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These are among the findings of the Working Capital Outlook Survey from C2FO, which examined the preferences of more than 1,800 SMEs in the United States and in the UK, Germany, France and Italy for improving working capital efficiency. It gauged respondents’ sentiment on trends associated with economic and political factors, financing, working capital deployment and supplier-buyer relationships.
Cost of Borrowing Remains High
The majority of SMEs (55 percent) find cash flow as the biggest obstacle for business growth and over 40 percent indicated an increase in working capital needs compared to last year. Meanwhile, more than a quarter (29 percent) of respondents have no or limited ability to borrow. This is primarily due to high interest rates and the difficulty in obtaining a loan from a traditional banking partner.
The cost of borrowing for SMEs remains high as only 48 percent of SMEs indicated that they can get financing at rates below 8 percent. Borrowing is most expensive in the UK and U.S. as only 42 percent and 47 percent of SMEs, respectively, borrow at a rate below 8 percent compared to France (52 percent), Germany (51 percent) and Italy (58) percent. In the UK and U.S., these numbers fell from last year (48 percent and 58 percent), demonstrating the increasing cost of financing. Those in media, retail/leisure and construction are borrowing at the highest rate compared to other industries.
“The aberrationally low-interest rate environment is polarizing the global liquidity imbalance,” said Sandy Kemper, chairman and CEO of C2FO, a working capital marketplace. “Corporates are increasingly being charged to hold deposits, while the banks themselves are struggling with increased regulatory burden that impedes their ability to loan to the SMEs which are such an integral part of the global economy. It is therefore increasingly important for those SMEs to consider alternative financing options that can close this gap and kick-start economic growth.”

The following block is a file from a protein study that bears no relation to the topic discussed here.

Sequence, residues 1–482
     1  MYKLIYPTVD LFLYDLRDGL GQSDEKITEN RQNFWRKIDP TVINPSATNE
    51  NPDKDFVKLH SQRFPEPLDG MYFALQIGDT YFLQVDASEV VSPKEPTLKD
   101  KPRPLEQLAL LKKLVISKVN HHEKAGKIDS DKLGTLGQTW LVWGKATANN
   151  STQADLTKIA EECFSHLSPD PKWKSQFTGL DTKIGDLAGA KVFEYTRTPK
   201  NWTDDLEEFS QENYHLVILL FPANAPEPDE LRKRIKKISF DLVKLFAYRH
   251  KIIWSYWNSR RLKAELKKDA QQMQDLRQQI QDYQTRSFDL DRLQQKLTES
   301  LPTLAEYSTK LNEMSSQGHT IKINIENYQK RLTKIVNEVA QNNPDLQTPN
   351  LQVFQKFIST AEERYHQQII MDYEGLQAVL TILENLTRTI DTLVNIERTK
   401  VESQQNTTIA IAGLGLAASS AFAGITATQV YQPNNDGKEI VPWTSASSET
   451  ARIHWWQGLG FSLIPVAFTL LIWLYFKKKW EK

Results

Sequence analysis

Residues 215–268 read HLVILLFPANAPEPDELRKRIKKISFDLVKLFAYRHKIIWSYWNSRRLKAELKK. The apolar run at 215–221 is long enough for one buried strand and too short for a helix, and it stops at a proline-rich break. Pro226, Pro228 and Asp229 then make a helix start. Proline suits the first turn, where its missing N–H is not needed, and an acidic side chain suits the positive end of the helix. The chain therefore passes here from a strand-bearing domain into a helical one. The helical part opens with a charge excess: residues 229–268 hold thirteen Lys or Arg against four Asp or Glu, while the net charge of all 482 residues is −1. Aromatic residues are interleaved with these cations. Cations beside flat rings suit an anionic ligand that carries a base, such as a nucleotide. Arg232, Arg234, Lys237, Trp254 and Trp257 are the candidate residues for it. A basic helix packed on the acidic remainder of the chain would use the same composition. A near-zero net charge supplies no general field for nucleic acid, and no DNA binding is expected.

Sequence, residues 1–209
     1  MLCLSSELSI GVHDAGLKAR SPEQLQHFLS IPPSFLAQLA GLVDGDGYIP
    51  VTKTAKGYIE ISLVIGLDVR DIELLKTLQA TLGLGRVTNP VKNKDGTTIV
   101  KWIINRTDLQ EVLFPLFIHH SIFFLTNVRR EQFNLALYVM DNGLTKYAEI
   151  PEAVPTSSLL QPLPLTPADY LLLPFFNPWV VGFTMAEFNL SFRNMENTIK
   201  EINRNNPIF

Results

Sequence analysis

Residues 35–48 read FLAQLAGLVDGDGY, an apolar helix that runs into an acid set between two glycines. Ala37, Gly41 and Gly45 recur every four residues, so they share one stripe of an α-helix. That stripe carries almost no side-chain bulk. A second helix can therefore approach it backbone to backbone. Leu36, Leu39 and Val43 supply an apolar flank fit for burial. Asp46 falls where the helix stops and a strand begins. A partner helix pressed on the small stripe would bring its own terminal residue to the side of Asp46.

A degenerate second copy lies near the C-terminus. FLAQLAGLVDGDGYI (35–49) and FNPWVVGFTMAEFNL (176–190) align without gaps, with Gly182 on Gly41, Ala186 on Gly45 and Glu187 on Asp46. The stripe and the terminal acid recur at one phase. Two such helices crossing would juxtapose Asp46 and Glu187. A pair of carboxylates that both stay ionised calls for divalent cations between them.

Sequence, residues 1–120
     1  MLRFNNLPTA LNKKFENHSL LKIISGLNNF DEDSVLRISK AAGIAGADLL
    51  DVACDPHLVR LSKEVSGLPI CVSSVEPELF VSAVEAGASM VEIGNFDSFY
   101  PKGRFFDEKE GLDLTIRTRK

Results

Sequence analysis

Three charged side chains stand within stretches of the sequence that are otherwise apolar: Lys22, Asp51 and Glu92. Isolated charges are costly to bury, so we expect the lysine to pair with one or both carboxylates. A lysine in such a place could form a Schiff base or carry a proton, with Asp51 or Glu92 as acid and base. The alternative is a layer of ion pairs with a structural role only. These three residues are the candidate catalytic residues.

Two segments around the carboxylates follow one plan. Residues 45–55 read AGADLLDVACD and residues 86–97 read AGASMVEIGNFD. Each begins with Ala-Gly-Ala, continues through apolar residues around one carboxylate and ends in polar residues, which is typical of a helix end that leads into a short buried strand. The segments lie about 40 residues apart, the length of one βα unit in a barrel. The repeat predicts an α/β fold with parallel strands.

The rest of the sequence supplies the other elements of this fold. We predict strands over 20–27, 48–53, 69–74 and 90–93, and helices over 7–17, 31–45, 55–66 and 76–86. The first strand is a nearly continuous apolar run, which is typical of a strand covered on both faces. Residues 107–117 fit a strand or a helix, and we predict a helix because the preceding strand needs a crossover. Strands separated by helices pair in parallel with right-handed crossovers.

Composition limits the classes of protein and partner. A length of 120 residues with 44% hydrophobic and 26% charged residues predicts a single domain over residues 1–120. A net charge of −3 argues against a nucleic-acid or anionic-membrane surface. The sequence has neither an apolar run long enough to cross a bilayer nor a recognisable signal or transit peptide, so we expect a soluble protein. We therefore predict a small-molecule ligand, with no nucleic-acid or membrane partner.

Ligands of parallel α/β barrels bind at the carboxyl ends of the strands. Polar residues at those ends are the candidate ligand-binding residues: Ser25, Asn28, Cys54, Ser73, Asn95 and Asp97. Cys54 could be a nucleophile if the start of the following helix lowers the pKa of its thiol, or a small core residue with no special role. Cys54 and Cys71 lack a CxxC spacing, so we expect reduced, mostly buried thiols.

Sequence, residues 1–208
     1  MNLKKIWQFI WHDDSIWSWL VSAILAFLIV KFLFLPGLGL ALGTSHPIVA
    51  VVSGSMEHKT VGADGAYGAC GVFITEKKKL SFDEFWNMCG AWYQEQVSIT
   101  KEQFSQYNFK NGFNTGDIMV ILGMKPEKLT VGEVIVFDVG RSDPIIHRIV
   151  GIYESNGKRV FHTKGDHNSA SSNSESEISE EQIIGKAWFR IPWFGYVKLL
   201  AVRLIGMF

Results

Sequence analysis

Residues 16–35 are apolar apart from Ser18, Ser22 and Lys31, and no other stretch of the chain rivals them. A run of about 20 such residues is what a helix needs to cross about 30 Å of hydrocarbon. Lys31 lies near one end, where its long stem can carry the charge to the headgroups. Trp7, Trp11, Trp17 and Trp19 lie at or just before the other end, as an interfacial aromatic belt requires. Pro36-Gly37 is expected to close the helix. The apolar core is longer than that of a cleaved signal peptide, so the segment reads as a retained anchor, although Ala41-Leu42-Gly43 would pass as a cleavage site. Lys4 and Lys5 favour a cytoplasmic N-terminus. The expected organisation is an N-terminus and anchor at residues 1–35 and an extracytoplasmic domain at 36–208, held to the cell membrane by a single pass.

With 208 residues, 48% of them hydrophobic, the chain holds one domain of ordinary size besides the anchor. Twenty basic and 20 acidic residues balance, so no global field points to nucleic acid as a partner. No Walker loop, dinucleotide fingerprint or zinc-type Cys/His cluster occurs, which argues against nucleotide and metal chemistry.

Concern around Long-Term Growth Increases
More than 60 percent of SMEs are concerned with their ability to finance long-term growth. While the UK, Germany and France show high levels of concern (over 60 percent) around financing long-term compared to short-term growth, Italian SMEs are split in the middle, mirroring the current economic and banking instability the country is experiencing. If SMEs had access to additional reasonably priced liquidity, more than three quarters would use it to finance long term growth plans and purchase more inventory or equipment and invest in new technologies.
SMEs Diversify Sources of Financing
Overall, SMEs are adopting a wide variety of sources to finance themselves including traditional banking options like credit lines and asset-backed loans which have increased in popularity since 2015, especially for larger SMEs. Invoice financing solutions (ranging from supply chain financing, factoring and invoice discounting) are providing funding to almost 20 percent of the surveyed SMEs and 18 percent of are using peer-to-peer lending.
Cash flow from operations remains the most significant source of SME funding with 76 percent of SMEs in EMEA and in the U.S. relying on their own profit to survive and grow. Unlocking the potential of invoices, due and owned, appears to be the favorite SME working capital strategy, even compared with 2015 (58 percent). Additionally, over 75 percent of SMEs in EMEA believe the Brexit referendum will have no impact on their ability to access financing.
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